And yet despite these producers’ early dalliances with other scenes, Detroit techno continues to play a role in the city’s house music. Jay Daniel’s new record, the wonderful Karmatic Equations on Wild Oats, is peppered with the kind of sub-sonic outer space blips and bleeps you’d find on an Underground Resistance track, while MGUN’s Some Tracks on Third Ear from 2013 seethes with ghetto and electro edginess. “People here draw inspiration and influence from many different sources – for me it’s Atkins, DJ Assault, Gary Chandler and guys that played on FM98 WJLB. DJ Assault and the guys on the radio played electro, house, techno, jungle and booty records in their mixes. Juan Atkins and UR provide the true essence of Detroit techno, while Moodymann and Theo Parrish provide Detroit’s deep house productions,” says Manuel Gonzales.
Thomas Cox posits the theory that there hasn’t been much new techno from Detroit in recent years because most of its main practitioners moved abroad for work reasons, while many of the house DJs remain in the city. Despite this, he feels that for some artists, out of sight does not mean out of mind. “The thing about Juan Atkins is that his music is everywhere in Detroit. More so than any of the other old techno guys, his music is just part of the fabric of the city in ways that it’s tough to understand without spending some time there. You can drive past family parties on Belle Isle on a summer day and they are banging Cybotron or Model 500 along with rap and R&B,” he explains, adding that “I’m sure there are people in Detroit who are influenced by the newer crop of producers and DJs, but most likely that would be a result of those people being online.”
Jerome Derradji agrees that ‘all the big cats’ remain an influence because they built Detroit’s unique sound. “Their success is an inspiration to many. The beauty of it all is that all these bigger names are supporting their own scene and always pushing for young Detroit artists to come out with new music and projects. It’s pretty unique to Detroit,” he says. Despite a new wave of house producers coming up through the ranks, there is not much infrastructure to support them. With no dedicated club and fewer record stores than before, it poses questions about what the future holds for Detroit’s music scene. Mike Huckaby believes that one of the reasons why house veterans like Patrice Scott make such great music is because they were “fed a steady diet of great records and that spills into a producer’s personality and influences the type of music that they make”.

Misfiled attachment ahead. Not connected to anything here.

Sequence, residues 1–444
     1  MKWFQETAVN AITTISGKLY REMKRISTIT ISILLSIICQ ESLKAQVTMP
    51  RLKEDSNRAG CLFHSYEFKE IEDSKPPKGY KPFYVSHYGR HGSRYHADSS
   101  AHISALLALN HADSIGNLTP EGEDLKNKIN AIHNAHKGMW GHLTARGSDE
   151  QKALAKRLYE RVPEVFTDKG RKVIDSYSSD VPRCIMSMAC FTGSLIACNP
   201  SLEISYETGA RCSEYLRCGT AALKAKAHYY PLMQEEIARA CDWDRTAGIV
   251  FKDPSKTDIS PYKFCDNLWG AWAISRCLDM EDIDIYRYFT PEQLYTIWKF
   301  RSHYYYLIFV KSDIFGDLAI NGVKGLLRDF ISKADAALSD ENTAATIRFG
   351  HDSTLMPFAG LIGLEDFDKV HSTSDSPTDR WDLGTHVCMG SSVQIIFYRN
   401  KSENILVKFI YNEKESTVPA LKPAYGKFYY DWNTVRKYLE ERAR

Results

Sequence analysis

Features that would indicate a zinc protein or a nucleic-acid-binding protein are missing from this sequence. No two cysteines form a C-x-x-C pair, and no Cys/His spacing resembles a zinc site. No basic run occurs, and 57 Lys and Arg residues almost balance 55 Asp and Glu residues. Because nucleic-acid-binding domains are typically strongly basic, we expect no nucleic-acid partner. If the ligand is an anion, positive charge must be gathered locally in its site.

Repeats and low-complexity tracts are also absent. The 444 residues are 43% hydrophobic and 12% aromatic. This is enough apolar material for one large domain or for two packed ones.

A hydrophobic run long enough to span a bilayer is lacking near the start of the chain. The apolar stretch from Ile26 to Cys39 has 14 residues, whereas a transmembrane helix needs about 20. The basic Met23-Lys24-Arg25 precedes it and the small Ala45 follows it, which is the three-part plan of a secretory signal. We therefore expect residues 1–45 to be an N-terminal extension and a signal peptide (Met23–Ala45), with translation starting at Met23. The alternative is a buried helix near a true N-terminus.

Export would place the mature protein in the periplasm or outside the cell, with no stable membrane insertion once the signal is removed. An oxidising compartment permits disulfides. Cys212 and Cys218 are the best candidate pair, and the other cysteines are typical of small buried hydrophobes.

Derradji and Huckaby both cite Detroit Threads as a store stocking good Detroit vinyl, but Thomas Cox is less upbeat in his assessment of Detroit record stores. “Rick Wilhite’s Vibes record shop was kind of that hub back in the day, but now it seems like there is no one spot. The record shops there are not what they once were in the days of Record Time [where Huckaby used to work], so the ability to just come up on these records is less than you might think. Once you know to look for them, there are places to go get them, but to me that distinction is pretty big. You’re definitely much more likely to find Wild Oats, FXHE, and Sound Signature records at any store in Detroit than any of the older stuff.”
The TV Bar and Motorcity Wine venues support house music, while the city is still home to a lot of loft parties, but one of the hardest blows to Detroit’s electronic music community came last month when the 1217 Griswold inhabitants had eviction orders served on them by the building’s new owner, billionaire Dan Gilbert. “It had become an epicentre for good, raw Detroit house and techno. Unfortunately, it was recently purchased by some dickhead who is evicting all of the current artist residents, so he can build a centre for artists,” says Manuel Gonzales.
Yet despite this development, Detroit house music will continue to thrive. Thomas Cox gets the sense that the city is moving forward and that downtown Detroit ‘isn’t the ghost town it was before’, but Derradji feels that the economic situation hasn’t improved and Detroit is a poorer place now than when techno emerged during the late ’80s. Ironically, Detroit’s financial bankruptcy hasn’t drained its creativity and limited options have turned into opportunities.
“Right now, much like all over the US, the technological gap between whites and African Americans is really big. That means that sometimes – in Detroit – music is the only way to make a decent living as all the doors for better jobs are closed and not accessible to a huge part of the population,” he says. Patrice Scott adds that creativity will also rise to the surface in the Motor City and the recession means it is cheaper for artists to live there. “Detroit has always been creative, a place where great music and other art forms came from. It’s hard to say if the recession opens a door for Detroit, but maybe now more creative people are looking at it and saying ‘I can live the dream’.”
Let’s leave the last word to Manuel Gonzales, one of the new of producers who is bringing Detroit house music to new places.
“You can’t classify Detroit as a house or a techno city – it’s just a music city,” he says.
Amen to that.
Header image used courtesty of The Trilogy Tapes